Protecting Palestinian health workers: When will the UK live up to its commitments?

“The injury has greatly affected my life. I am afraid and remain shaken. I send a message to the international community to pressure Israel through the United Nations and other international organisations to respect medical teams working in the field.”­ – Volunteer paramedic Emad Al-Buhaisi, shot and injured in Gaza

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This month, at the UN Security Council in New York, member states will once again assemble to discuss the global crisis of attacks on civilian persons and objects in conflict, including health personnel and facilities. May marks the third anniversary of the passing of Security Council Resolution 2286, which raised deep concern about continuing violence against health workers in armed conflict situations around the world, and stressed the importance of accountability for violations of international humanitarian law, urging states to “conduct, in an independent manner, full, prompt, impartial and effective investigations” into such incidents, and to ensure that violations “do not remain unpunished”.

Against this backdrop Medical Aid for Palestinians (MAP) remembers Musa Abu Hassanin, a Palestinian paramedic shot and killed by Israeli forces a year ago, on 14 May 2018, while helping to treat those wounded on the bloodiest day so far of the “Great March of Return” protests in Gaza. He became the first of four Palestinian health workers to be killed across the occupied Palestinian territory (oPt) in the last year. Two others – Razzan al-Najjar and Abdullah al-Qutati – were also shot dead in the course of their humanitarian duties at the Gaza protests, and the fourth – 17-year-old volunteer paramedic Sajed Muzher – was killed while on duty during clashes at Dheisheh refugee camp in the West Bank. Sajed was the 43rd Palestinian health worker to be killed by Israeli forces since 2008.

Since 30 March 2018, more than 600 Palestinian health workers have been injured by Israeli forces using tear gas, rubber-coated steel bullets and live ammunition. In the films on this page we have collected testimony from just three of the paramedics shot with live ammunition in Gaza. As Ziad, Emad and Youssef testify, the impacts go far beyond the immediate physical pain and injury. Physical and mental scars take a long time to heal, and attacks on health workers undermine the capacity of Gaza’s health sector and in turn the right to health of Palestinians.

Little wonder that the recent UN Commission of Inquiry into the Gaza protests found that the oPt is “one of the most dangerous places in the world to be a health worker”. The Commission’s thorough investigation found “reasonable grounds to believe that Israeli snipers intentionally shot health workers, despite seeing that they were clearly marked as such.”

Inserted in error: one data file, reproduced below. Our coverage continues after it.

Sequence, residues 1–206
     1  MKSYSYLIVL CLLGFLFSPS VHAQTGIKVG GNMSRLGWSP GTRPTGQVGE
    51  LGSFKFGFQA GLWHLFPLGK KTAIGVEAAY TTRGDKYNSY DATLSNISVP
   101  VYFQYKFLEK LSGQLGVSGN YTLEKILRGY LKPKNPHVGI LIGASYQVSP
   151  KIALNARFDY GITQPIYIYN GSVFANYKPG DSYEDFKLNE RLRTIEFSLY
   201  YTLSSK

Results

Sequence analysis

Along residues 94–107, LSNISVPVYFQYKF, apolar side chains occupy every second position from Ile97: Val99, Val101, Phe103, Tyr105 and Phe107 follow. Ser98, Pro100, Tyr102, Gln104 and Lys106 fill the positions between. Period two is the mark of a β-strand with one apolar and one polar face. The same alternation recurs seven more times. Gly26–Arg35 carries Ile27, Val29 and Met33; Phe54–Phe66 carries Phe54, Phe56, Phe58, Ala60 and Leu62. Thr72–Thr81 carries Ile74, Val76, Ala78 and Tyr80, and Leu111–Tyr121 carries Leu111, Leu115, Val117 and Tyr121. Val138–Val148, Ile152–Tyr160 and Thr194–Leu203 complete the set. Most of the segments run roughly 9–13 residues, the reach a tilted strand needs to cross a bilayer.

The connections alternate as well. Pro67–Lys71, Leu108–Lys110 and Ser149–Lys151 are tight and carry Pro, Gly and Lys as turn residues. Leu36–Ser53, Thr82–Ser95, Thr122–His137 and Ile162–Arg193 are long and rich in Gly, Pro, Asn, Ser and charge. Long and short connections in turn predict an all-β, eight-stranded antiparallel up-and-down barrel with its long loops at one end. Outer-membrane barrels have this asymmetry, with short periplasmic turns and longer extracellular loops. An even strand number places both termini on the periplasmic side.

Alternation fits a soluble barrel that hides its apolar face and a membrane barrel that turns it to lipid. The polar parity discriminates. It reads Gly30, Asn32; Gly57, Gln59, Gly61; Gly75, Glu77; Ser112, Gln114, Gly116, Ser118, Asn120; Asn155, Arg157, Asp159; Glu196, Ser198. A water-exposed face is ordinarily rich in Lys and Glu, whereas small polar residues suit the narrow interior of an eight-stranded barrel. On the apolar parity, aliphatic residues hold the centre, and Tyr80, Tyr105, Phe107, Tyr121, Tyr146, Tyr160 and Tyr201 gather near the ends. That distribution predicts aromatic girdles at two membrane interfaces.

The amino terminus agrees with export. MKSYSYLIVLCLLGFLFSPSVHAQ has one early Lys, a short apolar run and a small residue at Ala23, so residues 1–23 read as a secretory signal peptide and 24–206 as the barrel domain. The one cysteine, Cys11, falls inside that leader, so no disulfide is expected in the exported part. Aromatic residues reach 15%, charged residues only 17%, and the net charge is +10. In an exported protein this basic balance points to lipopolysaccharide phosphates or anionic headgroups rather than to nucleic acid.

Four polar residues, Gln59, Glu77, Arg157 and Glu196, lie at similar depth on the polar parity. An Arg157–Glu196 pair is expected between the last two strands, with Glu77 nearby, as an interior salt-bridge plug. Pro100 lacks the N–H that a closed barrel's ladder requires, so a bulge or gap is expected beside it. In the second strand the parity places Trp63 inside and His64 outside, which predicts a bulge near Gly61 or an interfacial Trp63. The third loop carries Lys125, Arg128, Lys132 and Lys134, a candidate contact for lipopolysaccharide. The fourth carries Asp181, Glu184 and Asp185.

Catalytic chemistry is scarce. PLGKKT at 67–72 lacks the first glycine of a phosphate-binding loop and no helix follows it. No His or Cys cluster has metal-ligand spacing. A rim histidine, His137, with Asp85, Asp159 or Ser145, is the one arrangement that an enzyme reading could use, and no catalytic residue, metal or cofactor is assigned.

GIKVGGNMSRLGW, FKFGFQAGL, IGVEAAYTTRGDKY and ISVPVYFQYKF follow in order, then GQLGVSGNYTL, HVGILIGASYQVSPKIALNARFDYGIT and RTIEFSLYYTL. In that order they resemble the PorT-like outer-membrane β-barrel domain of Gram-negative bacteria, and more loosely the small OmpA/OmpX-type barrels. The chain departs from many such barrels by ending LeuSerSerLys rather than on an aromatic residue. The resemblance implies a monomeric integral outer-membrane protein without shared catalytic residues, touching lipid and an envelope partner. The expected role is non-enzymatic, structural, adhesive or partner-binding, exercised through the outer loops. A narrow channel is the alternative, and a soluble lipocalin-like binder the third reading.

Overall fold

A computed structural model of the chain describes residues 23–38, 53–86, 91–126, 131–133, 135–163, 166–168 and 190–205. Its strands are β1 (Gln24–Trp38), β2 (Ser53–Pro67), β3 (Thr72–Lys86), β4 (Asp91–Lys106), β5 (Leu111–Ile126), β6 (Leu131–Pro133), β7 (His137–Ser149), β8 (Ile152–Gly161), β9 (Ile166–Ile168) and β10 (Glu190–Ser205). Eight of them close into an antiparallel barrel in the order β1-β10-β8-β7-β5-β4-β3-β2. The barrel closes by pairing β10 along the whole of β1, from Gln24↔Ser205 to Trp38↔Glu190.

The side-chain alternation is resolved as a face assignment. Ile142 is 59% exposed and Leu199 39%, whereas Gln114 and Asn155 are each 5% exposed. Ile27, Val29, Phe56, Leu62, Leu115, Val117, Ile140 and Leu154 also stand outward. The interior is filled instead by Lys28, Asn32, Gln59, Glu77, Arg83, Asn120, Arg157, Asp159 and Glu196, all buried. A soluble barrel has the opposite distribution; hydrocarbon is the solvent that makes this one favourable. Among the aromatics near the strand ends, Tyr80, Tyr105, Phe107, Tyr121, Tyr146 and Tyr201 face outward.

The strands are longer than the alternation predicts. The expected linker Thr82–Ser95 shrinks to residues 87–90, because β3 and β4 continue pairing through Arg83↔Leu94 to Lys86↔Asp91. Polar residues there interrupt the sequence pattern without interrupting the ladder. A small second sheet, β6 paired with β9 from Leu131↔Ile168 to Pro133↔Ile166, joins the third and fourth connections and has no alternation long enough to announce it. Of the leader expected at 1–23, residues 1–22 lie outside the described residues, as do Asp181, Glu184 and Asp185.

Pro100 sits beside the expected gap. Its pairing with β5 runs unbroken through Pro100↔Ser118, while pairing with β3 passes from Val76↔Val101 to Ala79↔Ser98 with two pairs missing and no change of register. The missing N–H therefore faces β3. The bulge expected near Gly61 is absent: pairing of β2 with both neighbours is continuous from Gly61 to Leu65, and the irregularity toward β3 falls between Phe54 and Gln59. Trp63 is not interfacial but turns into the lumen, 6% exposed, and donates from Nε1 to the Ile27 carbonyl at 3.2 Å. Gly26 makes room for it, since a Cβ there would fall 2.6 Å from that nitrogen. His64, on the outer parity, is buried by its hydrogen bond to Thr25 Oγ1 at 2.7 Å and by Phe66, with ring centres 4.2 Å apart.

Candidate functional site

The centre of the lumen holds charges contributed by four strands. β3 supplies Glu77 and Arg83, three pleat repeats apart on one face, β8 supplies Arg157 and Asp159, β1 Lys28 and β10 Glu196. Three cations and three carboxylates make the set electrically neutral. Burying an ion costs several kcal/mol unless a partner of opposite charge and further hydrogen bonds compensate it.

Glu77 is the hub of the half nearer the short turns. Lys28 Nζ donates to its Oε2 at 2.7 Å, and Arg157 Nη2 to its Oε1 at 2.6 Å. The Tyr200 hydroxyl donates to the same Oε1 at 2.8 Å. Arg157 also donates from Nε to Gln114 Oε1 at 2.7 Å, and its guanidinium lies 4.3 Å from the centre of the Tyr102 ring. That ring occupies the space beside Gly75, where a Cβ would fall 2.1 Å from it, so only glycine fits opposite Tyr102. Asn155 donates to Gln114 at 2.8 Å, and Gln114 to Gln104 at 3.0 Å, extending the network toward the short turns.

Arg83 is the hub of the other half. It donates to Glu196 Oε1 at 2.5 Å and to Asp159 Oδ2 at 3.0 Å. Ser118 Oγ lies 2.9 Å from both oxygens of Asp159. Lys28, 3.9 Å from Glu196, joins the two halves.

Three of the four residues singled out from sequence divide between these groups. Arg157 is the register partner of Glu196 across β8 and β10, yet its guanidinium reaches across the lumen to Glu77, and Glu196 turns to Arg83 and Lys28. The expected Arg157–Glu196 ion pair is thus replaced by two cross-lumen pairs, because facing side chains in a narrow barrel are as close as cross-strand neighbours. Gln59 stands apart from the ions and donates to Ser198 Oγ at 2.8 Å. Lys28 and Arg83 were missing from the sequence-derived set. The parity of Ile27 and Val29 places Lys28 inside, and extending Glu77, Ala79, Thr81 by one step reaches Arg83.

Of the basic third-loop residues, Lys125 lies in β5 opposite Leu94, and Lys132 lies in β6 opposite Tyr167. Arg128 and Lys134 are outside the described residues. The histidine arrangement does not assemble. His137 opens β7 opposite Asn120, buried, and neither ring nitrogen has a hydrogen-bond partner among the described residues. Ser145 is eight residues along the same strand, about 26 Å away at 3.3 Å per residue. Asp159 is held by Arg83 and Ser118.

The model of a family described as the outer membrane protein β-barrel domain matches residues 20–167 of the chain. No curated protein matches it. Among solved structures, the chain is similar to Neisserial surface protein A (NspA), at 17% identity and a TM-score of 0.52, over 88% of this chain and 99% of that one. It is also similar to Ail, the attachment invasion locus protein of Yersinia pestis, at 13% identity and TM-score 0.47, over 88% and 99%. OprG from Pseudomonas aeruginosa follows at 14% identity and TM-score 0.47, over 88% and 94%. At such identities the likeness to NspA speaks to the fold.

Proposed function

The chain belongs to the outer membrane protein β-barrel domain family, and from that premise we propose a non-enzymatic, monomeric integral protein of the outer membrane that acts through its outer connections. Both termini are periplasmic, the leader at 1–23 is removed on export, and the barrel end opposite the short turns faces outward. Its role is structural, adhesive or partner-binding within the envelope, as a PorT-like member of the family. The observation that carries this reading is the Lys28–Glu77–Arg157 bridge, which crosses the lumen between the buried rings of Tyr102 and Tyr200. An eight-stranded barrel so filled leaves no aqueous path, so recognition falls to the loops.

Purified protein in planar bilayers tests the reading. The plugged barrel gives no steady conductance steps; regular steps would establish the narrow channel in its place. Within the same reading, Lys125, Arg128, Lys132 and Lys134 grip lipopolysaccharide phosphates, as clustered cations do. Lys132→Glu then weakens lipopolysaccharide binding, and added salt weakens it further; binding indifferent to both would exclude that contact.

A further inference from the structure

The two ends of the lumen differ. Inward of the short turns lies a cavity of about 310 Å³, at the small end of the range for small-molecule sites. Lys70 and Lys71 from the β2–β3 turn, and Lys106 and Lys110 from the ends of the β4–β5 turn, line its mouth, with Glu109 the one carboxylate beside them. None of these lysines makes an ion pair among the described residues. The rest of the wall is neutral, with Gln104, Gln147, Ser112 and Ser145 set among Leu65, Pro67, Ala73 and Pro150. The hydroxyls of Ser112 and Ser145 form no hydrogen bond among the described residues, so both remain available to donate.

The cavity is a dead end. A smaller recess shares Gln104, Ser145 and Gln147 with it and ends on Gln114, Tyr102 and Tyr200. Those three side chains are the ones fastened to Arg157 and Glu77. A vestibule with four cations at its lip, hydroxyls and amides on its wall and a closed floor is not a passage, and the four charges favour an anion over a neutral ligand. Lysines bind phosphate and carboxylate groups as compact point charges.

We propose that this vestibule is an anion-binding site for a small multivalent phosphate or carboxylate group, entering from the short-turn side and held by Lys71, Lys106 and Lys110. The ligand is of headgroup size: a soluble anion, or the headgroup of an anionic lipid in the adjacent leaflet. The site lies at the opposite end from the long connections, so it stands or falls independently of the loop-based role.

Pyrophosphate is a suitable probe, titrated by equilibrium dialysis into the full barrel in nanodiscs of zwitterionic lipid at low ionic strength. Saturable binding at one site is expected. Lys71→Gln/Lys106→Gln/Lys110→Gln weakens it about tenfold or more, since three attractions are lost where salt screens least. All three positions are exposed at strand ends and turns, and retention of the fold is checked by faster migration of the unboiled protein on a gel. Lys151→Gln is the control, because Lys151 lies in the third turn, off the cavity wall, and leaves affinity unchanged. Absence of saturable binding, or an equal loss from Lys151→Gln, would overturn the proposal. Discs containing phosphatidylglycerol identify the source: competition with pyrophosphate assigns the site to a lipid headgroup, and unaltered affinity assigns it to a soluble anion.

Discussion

So far, no one has been held accountable for these attacks, and impunity fuels recurrence. The Commission, in line with the findings of Israeli human rights organisation B’Tselem and previous Commissions of Inquiry, found that “the Government of Israel has consistently failed to meaningfully investigate and prosecute commanders and soldiers for crimes and violations committed against Palestinians or to provide reparation to victims in accordance with international norms.”

The UK’s dangerous double standard

The UK’s position on accountability is inconsistent. On the one hand, at a similar Security Council meeting last year, UK Deputy Ambassador to the UN Jonathan Allen repeated the UK’s concern about the targeting of health workers around the world, adding that:

 “[The UK supports] effective international criminal-justice systems, which have an important role to play in bringing the perpetrators of atrocities to justice when States are either unable or unwilling to do so.”

Just one month ago at the Council he further stated that, regarding such violations, “we don’t lack law. We lack enforcement and accountability.”

Yet on the other hand, when an opportunity to support an international push for accountability presented itself – in the form of the UN Human Rights Council resolution supporting the implementation of the UN Commission of Inquiry’s important recommendations in March – the UK failed to act. The UK’s abstention on that resolution demonstrates a dangerous double standard: a principled position in rhetoric but without substance when Palestinian health workers are attacked.

Attacks on health workers anywhere undermine the safety of health workers everywhere.

The UK should seek to ensure that Resolution 2286 is robustly implemented globally, without excluding Palestinians .

We are therefore calling on the UK Mission to the UN in New York to heed paramedic Emad’s call, and raise the insecurity of Palestinian health workers at the UN Security Council this month during the open debate on the protection of civilians in armed conflict.

The UK should call on Israel to ensure their protection in compliance with its obligations as the occupying power under international humanitarian law. Where Israel is unable or unwilling to credibly investigate such attacks or hold perpetrators accountable, the UK should support international mechanisms to address impunity.

You can join this campaign calling on the UK Mission to do just that, by emailing the UK Ambassador and Permanent Representative to the UN in New York, Karen Pierce:

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